In Taiwan, the technology has been used as well. Audrey Tang, Taiwan’s digital minister, relied on AI to develop real-time digital updates. These updates could alert citizens of certain hazardous locations, where infections had been previously detected. They were also able to use it to create a live map of local face mask supplies.
In the United States, the White House Office of Science and Technology Policy called for the development of the COVID-19 Open Research Dataset (CORD-19). This dataset is a collection of thousands of different machine-readable COVID-19 literature. There are over 44,000 scholarly articles that can be used by the research community.
“It’s all-hands on deck as we face the COVID-19 pandemic,” Microsoft’s chief scientific officer, Dr. Eric Horvitz said. “We need to come together as companies, governments, and scientists and work to bring our best technologies to bear across biomedicine, epidemiology, AI, and other sciences. The COVID-19 literature resource and challenge will stimulate efforts that can accelerate the path to solutions on COVID-19.”
While there is still a lot more that can be accomplished with artificial intelligence (AI), these are some of the current examples from around the globe. If governments are convinced by the results, the use of AI during a pandemic could become one the first defense options in the future.
Anton Dolgikh, Head of AI, Healthcare and Life Sciences at DataArt – Interview Series
Anton Dolgikh leads AI and ML-oriented projects in the Healthcare and Life Sciences practice at DataArt and runs educational and training developers focused on solving business problems with ML methods. Prior to working at DataArt, Dolgikh worked in the Department of Complex Systems at the Université Libre de Bruxelles, a leading Belgian private research university.
What was it that originally inspired you to pursue AI and life sciences as a career?
A passion for searching the links between phenomena and facts. I always like to read. I love books. At university, I discovered a new source of information – articles. At some point, it appeared that to get a complete picture, to crystallize the beautiful truth from a mass of information is almost impossible. And here comes AI. Statistics, machine learning of course, and natural science with AI at the top all act to build the bridge between the human brain’s thirst for knowledge and a world where all the laws are known and there are no black boxes.
You currently educate and train developers who are focused on solving business problems with ML methods. Is there a specific field of machine learning that you focus on more, for example deep learning?
Yes, deep learning is a very popular and, let’s be honest, powerful instrument; we cannot neglect it. I personally prefer the Bayesian interpretation of classical algorithms, or even a combination of neural networks and a Bayesian approach — for example, a Bayesian Variational Autoencoder. But I believe that the most important thing to teach new ML guys is not to blindly use ML machinery like a magic black box, but rather perceive the basic principles behind each and every method. A must-have skill is the ability to explain the predictions obtained for a business audience.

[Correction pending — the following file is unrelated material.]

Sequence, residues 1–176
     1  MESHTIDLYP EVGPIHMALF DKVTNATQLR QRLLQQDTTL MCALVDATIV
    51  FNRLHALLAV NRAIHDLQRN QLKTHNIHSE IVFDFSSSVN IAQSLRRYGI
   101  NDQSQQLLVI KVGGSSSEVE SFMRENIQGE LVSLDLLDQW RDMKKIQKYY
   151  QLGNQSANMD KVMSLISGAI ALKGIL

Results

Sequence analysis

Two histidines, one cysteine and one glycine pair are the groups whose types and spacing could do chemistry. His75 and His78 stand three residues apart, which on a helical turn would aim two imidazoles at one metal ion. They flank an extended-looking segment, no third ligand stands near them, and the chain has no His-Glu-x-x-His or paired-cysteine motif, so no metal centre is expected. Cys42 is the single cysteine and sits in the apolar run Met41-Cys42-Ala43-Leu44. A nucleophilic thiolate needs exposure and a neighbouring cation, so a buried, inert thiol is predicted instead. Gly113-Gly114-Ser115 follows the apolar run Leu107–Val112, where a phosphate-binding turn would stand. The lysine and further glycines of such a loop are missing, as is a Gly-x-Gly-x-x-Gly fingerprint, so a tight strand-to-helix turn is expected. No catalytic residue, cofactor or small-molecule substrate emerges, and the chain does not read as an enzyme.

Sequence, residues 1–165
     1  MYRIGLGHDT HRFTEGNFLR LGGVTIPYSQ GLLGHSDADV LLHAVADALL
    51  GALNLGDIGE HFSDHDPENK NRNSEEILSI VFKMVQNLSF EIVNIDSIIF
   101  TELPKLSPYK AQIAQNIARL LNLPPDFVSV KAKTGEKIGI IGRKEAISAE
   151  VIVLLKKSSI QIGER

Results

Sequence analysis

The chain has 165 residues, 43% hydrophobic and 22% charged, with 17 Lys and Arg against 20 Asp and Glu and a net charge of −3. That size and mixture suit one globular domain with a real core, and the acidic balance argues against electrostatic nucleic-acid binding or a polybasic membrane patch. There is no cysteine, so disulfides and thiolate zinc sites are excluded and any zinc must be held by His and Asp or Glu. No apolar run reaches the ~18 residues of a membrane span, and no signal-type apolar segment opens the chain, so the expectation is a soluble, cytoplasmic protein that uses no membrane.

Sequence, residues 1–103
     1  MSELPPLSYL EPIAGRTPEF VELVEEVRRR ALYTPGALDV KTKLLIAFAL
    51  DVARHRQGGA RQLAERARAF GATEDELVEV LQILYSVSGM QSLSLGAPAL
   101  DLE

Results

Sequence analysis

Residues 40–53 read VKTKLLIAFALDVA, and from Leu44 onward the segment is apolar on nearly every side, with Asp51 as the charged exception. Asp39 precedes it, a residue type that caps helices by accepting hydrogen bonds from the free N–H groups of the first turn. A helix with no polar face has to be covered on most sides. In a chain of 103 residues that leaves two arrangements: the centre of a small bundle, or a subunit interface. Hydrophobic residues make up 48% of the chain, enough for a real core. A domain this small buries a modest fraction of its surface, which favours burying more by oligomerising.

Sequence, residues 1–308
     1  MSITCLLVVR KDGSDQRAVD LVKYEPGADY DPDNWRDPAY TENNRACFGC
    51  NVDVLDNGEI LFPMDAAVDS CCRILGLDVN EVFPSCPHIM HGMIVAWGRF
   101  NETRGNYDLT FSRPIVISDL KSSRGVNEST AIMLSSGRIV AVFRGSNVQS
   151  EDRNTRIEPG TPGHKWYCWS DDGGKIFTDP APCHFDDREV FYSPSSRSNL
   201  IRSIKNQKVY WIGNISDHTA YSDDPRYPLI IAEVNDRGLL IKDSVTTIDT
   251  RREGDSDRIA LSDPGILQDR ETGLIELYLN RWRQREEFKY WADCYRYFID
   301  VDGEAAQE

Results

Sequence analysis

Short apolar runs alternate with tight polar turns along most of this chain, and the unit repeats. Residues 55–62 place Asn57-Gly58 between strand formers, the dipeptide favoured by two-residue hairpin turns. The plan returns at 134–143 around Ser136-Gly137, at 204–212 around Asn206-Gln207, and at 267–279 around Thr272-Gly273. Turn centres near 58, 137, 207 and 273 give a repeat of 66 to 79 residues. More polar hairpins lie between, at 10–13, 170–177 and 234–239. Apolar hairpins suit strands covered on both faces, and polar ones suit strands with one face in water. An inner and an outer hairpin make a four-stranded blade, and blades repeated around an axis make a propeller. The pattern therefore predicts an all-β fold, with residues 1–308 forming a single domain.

In March 2019, you wrote an article called ‘Are we Ready for Machine Radiologists, and their Mistakes?‘. In the article you outlined the pros and cons of accepting results from machine radiologists versus human radiologists. If you had to choose between a human and a machine giving you results, which would you choose and why?
I prefer a human radiologist. Not because I have some special knowledge that AI tis heavily prone to errors and decisions are intrinsically erroneous. No, it’s more a question of empathy and the psychological nature. I want to support human doctors during this difficult period. Moreover, I believe that in the nearest future, we will only see AI augment human ability.
You recently wrote a white paper called ‘The Impact of Artificial Intelligence on Lifespan.’ In this paper, you stated that AI should be viewed as a tool in the search for longer life. What are some of the more promising methodologies that AI could apply to the quest to extend human lifespan?
Today the new tool of AI is beginning to operate in scientific laboratories on par with classical instruments and approaches. This fact itself is promising. AI is here to help, not replace, us in the struggle to cope with the huge quantities of data flooding not only laboratories but even our personal lives.
Also discussed in the same white paper is a claim by Biogerontology Research Foundation AI Director and CEO of Insilico Medicine, Dr Alex Zhavoronkov, that increasing lifespan to 150 years is not a fantastic goal. Do you believe that a child born in 2020 will be able to live to 120 or even 150 years?
I want to believe. Being a scientist by education and belief, I have to base my decisions on facts, on understanding the progress of scientific methods in the area. We’ve made an impressive leap in the fields of genetics, biotechnology and medicine in general, and this strengthens my belief. And don’t forget that a substantial part of the success in increasing lifespan is a healthy environment and a healthy lifestyle, so we have to work on this.
In this same paper you mention the potential for mind uploading (transhumanism). Do you believe that this could eventually be a reality, and how does it make you feel personally?
I’ve thought a lot about it. Frankly, it makes me feel frustrated. I think that we associate personality with what we see in a mirror, and for me, it’s hard to detach my character from my body. Nevertheless, this doesn’t mean it is not possible. And, yes, I believe that sooner or later mind uploading will become feasible. The consequences are much harder to foresee.
You’re currently the Head of AI, Healthcare and Life Sciences at DataArt. What are some of the most interesting projects DataArt is currently working on?
We have a project dedicated to new drug development. It’s inspiring how computational methods have developed to fuel and direct the progress in medicinal chemistry and pharmacology. We also do a lot of work on applying AI to extract information from medical texts such as clinical trial reports, medical articles, and specialized forums. It’s hard work, but it takes us closer to the digitalization of healthcare, and I find this exciting.